Introduction

From the 1970s onwards, the American government conducted a war on drugs that they
exported internationally. Reports, ran by the press, started targeting Hispanic and African-
Caribbean communities as the importers of crack in the US and the UK.

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«In the US, Latinas and African-American women make up 60% of the female prison
population» (Sudbury 2002, p:60). This is what Julia Sudbury wrote, in 2002, in her article
about women of colour in the prison industrial complex. Through interviews of imprisoned
women, Sudbury set the landscape of black women in the prison system by presenting
different stories of women who became drug mules by necessity (economic needs), force
(threats and coercion) or deception and were sentenced to prison for as long as 25 years
even though they only played a secondary role in the drug trade.

As accurate as Sudbury is in her analysis of the imprisonment of women of colour, this
critical review will highlight the fact that she only focuses on one aspect of the problem.
Although it is true that women of colour often face drug-related charges, it is not the only
kind of charges that can lead them, more than white women, to prison. This critical review
will, consequently, also focus on prostitution charges that women of colour face, especially
in the US where prostitution is, to this date, still illegal.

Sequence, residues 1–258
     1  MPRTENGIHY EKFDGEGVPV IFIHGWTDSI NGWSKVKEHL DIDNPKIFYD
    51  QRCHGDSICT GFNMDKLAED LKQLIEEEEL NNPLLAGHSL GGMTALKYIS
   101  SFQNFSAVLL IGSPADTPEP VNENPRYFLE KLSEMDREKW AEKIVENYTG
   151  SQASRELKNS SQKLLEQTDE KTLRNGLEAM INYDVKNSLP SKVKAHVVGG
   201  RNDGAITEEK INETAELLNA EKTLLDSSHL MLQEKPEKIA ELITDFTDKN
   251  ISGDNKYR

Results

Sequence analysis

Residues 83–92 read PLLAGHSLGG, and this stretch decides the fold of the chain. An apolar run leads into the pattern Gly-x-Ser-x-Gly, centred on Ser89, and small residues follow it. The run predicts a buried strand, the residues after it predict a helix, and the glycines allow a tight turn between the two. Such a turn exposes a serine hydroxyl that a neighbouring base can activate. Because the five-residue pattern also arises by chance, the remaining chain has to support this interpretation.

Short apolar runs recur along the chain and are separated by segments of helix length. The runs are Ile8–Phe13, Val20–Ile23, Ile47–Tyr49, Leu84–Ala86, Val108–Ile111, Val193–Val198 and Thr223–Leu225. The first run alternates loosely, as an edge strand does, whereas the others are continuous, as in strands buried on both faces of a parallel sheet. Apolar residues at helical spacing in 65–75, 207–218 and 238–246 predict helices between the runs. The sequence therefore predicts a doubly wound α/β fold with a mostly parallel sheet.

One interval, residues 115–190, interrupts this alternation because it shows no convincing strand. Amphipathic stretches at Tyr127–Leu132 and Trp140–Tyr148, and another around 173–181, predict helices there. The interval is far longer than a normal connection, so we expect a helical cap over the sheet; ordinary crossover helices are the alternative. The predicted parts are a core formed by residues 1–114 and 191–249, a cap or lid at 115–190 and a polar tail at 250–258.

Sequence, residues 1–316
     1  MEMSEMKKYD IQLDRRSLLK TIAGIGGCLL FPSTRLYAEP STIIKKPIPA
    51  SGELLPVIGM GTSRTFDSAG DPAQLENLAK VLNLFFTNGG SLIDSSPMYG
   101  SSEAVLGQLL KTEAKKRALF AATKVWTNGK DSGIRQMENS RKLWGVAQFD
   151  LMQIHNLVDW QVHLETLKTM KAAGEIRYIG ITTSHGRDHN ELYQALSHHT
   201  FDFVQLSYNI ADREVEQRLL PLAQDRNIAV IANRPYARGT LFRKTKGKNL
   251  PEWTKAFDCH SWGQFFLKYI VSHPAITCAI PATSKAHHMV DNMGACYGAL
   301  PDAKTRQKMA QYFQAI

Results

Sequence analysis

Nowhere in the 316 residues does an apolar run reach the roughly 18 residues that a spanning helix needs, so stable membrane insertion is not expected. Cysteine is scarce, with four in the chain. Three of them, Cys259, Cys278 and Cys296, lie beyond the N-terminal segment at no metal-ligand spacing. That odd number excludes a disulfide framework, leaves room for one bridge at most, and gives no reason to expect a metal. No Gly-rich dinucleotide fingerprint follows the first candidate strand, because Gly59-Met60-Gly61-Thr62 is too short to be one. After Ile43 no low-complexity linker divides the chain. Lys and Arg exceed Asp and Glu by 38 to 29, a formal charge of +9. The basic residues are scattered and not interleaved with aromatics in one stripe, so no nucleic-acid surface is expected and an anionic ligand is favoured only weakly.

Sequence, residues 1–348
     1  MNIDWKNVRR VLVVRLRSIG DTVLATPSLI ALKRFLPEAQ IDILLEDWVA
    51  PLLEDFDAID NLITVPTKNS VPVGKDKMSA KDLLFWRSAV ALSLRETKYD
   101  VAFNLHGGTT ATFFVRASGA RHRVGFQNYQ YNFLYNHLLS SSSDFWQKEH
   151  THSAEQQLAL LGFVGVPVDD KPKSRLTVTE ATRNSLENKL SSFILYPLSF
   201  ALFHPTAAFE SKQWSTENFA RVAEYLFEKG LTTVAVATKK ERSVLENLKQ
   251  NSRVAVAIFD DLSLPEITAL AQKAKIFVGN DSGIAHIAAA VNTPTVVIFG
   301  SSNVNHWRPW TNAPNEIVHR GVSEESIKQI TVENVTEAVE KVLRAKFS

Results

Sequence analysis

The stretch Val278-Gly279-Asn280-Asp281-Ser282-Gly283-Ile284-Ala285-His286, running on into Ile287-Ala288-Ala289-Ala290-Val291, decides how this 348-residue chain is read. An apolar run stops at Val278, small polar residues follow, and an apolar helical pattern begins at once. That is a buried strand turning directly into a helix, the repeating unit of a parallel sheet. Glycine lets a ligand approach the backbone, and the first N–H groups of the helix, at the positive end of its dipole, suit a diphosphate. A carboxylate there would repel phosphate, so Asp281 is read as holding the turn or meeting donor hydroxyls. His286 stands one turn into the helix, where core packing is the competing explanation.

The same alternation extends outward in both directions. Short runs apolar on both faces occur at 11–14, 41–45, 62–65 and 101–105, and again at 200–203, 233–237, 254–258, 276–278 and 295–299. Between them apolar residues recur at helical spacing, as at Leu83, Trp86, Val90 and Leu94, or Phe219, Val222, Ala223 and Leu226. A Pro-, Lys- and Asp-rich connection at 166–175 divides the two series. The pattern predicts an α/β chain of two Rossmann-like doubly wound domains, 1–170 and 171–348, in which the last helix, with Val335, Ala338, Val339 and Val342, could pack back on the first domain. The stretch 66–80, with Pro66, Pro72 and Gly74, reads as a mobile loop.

Analysis of Julia Sudbury’s article

The aim of Sudbury’s article is to highlight the overrepresentation of women and especially
women of colour in the prison industrial complex. And with the testimonies and statistics
she gathered, we can clearly see a pattern appear based on racism and sexism. Drug
traffickers use women as drug mules because they believe that police and customs

authorities will less likely control women and even if it is the case, they believe that judges

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will be more lenient towards them ; leaving out the fact that they also are ‘of colour’, which,
in our society, means ‘non-white’. As such, discrimination and racism prevents them from
receiving the lenient sentences usually given to white women in similar situations. As a
consequence, more women of colour end up in prison and for longer periods of time than
white women (Institute of Race Relations, 2017). Statistics show that the imprisonment
rate of African American women was twice that of white women in 2014 (The Sentencing
Project, 2015). Around the same year, in the UK, for every 100 white women imprisoned
for a drug offense, 227 black women were imprisoned for a similar offense (Brinkhurst-Cuff
et al., 2017).

In her article, Sudbury focuses a lot on the US and the UK, but leaves out the rest of the
world. She couldn’t, obviously, have tackled this subject without mentioning the US
because the war on drugs from the American government has «always been a deeply
racialized project» (Ritchie, 2017) dating back to 1875, when San Fransisco passed the
first drug law forbidding ‘opium dens’ (establishments where one could consume opium)
which were deeply associated with Chinese immigrants although opium was widely
consumed by white Americans (Ritchie, 2017). Moreover, the US holds 21% of the
prisoners worldwide although it represents only 5% of the world’s population (NAACP,
2015).

What would have been a great addition is a comparison between her foundings, in the US
and the UK, and other countries such as Spain, for example. While the female prison
population of the US and the UK represent respectively 9% and 5%, Spain’s female prison